Decent broadband 'denied' to millions in UK

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Image caption Broadband in many rural areas is still too slow, said communications regulator Ofcom

More than 1.4 million homes in the UK cannot get decent broadband, a report from telecoms regulator Ofcom reveals.

But the number of homes that cannot get a service of 10 megabits per second (mbps) or higher has fallen by one million in the last year, it found.

The report looks at how the UK's mix of fixed and wireless communication networks are developing.

Ofcom said despite the fall, "much more" had to be done to improve the UK's communications infrastructure.

"Mobile and broadband coverage continued to grow this year, but too many people and businesses are still struggling for a good service," said Steve Unger, Ofcom's director of strategy, in a statement. "We think that is unacceptable."

Mobile holes

Ofcom's report found a significant urban-rural divide on higher speed broadband. About 25% of properties in rural areas, more than 900,000 homes, are too far from telephone exchanges to get a 10mbps service. This speed is now necessary to meet the needs of typical households, it said.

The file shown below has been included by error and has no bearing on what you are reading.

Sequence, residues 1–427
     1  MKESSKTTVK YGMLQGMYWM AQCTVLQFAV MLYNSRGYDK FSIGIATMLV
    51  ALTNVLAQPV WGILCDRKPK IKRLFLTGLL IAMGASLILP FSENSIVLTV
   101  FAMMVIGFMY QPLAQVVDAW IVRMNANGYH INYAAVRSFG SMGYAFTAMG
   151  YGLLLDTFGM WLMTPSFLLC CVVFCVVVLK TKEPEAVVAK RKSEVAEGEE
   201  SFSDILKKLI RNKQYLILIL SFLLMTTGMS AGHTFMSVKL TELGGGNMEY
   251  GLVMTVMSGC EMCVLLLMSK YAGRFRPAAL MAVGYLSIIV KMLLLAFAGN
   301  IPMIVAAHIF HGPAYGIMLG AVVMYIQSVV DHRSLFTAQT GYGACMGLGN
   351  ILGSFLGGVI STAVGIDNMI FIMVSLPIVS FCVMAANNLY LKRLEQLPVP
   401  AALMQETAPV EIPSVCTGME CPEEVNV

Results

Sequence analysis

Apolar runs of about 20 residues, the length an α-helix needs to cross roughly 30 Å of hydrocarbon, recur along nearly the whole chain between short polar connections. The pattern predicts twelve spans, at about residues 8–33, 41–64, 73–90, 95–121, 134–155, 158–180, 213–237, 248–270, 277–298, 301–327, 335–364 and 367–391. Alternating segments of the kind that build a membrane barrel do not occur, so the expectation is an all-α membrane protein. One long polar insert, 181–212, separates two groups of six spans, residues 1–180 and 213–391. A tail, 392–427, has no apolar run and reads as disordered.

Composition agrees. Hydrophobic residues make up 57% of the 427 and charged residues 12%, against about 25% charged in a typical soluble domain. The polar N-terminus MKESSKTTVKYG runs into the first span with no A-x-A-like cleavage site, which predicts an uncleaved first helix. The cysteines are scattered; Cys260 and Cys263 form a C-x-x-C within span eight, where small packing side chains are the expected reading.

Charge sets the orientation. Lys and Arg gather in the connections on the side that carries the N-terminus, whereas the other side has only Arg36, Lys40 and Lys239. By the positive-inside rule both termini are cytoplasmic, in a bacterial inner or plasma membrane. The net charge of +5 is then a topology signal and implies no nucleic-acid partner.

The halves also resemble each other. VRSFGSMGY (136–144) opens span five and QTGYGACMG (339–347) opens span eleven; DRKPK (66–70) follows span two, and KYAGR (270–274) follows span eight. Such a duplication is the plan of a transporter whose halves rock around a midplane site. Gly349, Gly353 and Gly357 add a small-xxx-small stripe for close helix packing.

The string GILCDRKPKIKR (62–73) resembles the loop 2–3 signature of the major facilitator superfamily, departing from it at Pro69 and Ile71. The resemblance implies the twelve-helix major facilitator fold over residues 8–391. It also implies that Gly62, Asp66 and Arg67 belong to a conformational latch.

Estimates by Ofcom suggest it would take £1.1bn to boost networks in remote areas so they run as fast as the "decent" 10mbps networks in towns and cities.

The report noted that one-third of UK homes, 9.1 million, have signed up for superfast services - designated as 30mbps or higher.

Ofcom said the UK's mobile networks also needed to tackle areas where coverage fell short. Its report estimates that only 40% of the UK's landmass can get 4G mobile signals from all four operators. This was an improvement on 2015, when only 8% enjoyed that "total" coverage, it said.

Ofcom is now talking to network operators about "radical and ambitious" ways to fill the "not-spots" and to boost speeds.

"The advent of 5G draws ever closer, which seems extraordinary when a third of the UK's geography can't even get a call signal from all four networks," said Ernest Doku, mobiles expert at USwitch, in a statement.

"It's a bitter irony for anyone living in a coverage blackspot, who'd gladly settle for a voice call let alone 5G," he added.

The Ofcom report is published soon after a separate report from the UK's National Infrastructure Commission called mobile coverage on trains and motorways "appalling".

It found that the UK's 4G network currently ranks 54th in the world in terms of coverage.

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